Merchants’ Farmers and Mechanics’ Savings Bank
Life Span: 1864-1871
Location: No. 13 Clark street
Handbook for Strangers & Tourists to the City of Chicago, 1869
The first savings bank in the city was established in 1857. These institutions have always maintained a high credit through all the vicissitudes of wild cat and war times, which caused so many private banking houses to succumb, and so completely revolutionized the banking system of the country. We give a view of the building occupied by the Merchant Farmers and Mechanics’ Savings Bank, No. 13 Clark street.
This institution was chartered in 1861, and in 1864 removed to its present very appropriate and convenient edifice. The institution is in a highly flourishing condition, and is deservedly popular. Interest is allowed on sums of five dollars and upwards, and is paid semi-annually, on the first day of January and the first day of July. The system of keeping accounts and receiving and paying money, and also as to the investment of the same, is similar to that so long and so successfully pursued by the best savings banks in New York and New England. A popular feature of this bank is, that married women and minors are allowed to deposit funds in their own name, thus placing them beyond the reach of husbands, parents, or guardians. The business of this institution is confined exclusively to the receipt and care of savings deposits, and funds deposited in trust. No commercial or general banking business is transacted.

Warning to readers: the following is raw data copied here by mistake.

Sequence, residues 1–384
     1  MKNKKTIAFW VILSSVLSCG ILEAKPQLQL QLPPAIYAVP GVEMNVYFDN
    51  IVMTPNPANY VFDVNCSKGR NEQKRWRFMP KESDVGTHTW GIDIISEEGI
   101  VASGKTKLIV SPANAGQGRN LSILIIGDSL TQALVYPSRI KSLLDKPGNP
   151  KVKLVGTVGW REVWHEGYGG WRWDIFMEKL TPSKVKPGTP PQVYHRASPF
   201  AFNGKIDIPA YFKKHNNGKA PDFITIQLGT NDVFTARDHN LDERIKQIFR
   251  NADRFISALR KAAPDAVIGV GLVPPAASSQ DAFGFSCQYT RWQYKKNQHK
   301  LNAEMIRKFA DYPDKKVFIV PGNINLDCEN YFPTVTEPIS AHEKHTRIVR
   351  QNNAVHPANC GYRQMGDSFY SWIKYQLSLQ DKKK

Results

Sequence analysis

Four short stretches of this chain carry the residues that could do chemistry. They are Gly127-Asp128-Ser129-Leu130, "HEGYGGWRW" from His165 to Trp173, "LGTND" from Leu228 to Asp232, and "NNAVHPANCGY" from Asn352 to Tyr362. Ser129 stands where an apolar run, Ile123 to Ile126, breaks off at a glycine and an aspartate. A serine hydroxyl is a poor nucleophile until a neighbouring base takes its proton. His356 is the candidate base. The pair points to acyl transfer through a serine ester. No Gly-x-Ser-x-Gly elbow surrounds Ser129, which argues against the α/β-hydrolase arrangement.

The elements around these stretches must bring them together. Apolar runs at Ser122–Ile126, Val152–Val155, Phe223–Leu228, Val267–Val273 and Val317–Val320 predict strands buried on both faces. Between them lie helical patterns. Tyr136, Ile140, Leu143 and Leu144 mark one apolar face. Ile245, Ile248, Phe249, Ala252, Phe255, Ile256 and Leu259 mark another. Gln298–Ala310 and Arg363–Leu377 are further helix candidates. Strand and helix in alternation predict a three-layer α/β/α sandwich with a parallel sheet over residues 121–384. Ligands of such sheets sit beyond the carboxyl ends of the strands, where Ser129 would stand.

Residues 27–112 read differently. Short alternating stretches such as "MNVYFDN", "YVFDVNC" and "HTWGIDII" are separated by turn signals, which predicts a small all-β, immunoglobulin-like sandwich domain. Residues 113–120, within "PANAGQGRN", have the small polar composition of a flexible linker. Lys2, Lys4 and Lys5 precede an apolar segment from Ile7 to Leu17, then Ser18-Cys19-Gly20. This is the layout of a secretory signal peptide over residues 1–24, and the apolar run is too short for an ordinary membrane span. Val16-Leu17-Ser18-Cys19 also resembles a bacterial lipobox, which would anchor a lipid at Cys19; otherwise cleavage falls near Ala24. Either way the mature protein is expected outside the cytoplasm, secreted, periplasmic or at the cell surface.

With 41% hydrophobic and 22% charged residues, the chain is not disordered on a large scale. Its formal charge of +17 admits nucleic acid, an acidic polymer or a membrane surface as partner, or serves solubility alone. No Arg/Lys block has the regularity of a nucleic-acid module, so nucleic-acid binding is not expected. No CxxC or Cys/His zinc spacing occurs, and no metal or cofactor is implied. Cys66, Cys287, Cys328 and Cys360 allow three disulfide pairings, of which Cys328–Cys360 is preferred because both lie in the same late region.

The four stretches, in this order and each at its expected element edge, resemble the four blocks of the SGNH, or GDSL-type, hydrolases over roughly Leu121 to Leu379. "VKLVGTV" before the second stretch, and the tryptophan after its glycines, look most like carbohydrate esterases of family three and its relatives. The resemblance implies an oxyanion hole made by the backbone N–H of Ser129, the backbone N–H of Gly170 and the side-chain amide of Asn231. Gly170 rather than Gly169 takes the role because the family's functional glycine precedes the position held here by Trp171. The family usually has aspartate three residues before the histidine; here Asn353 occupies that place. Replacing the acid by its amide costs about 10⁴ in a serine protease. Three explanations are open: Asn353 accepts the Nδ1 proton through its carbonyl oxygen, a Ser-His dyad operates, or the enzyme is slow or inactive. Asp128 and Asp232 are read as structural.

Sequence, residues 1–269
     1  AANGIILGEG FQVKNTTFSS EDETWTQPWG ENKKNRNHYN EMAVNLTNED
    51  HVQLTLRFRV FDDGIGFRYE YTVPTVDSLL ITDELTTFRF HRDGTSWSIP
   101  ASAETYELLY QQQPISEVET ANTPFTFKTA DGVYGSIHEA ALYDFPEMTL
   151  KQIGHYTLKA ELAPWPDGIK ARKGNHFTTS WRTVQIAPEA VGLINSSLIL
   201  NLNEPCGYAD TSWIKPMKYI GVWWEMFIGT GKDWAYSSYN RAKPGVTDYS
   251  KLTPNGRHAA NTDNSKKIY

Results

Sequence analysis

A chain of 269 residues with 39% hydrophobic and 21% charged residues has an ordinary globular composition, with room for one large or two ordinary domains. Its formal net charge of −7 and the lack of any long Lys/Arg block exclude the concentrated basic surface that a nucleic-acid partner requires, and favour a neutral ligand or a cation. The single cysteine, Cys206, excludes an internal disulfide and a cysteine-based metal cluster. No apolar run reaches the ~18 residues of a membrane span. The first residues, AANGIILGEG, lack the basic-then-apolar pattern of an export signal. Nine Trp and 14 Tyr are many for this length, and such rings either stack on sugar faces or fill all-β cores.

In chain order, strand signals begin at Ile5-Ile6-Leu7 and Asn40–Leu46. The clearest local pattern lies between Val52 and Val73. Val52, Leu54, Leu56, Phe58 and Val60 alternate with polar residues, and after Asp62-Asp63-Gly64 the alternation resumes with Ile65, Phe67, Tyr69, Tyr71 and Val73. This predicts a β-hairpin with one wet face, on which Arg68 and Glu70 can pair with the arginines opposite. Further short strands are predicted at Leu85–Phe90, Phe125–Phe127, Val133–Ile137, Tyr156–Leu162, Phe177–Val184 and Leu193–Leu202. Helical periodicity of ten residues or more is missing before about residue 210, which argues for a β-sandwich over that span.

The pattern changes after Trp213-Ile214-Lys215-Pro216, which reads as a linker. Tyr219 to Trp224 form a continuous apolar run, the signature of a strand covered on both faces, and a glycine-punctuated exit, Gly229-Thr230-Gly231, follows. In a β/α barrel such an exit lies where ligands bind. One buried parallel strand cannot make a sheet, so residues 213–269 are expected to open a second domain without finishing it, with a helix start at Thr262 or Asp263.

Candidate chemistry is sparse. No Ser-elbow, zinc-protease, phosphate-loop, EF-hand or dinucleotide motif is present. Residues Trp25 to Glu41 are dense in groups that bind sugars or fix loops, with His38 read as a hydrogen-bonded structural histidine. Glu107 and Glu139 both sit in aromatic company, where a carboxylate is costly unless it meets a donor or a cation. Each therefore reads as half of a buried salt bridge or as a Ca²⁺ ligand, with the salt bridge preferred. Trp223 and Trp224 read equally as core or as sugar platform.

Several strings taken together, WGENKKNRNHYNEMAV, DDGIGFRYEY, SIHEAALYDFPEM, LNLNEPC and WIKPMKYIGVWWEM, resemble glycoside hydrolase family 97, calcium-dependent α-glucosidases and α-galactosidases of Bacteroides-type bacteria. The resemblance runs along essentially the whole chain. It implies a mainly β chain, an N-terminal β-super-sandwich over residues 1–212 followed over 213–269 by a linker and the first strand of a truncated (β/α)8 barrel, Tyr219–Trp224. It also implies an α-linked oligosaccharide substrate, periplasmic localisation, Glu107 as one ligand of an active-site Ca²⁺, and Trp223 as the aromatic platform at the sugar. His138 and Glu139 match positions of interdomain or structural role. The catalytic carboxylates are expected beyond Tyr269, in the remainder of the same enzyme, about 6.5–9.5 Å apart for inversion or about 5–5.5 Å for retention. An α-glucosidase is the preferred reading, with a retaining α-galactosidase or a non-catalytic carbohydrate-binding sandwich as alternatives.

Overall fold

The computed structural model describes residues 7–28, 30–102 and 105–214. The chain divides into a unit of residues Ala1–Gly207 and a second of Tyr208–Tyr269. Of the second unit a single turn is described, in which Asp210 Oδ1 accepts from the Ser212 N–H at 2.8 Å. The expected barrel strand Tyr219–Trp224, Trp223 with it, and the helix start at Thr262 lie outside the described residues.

A certain proportion of the funds are invested by loan upon real estate in the city of Chicago. In making such loans preference is always given to applicafrom tions depositors of small means, who have accumulated in the institution sufficient funds to pay for a lot of ground, and desire to borrow something more to aid them in erecting buildings to be used as permanent homes for themselves and families.
Merchants’, Farmers and Mechanics’ Savings Bank
No. 13 Clark street
Sanborn Fire Insurance Map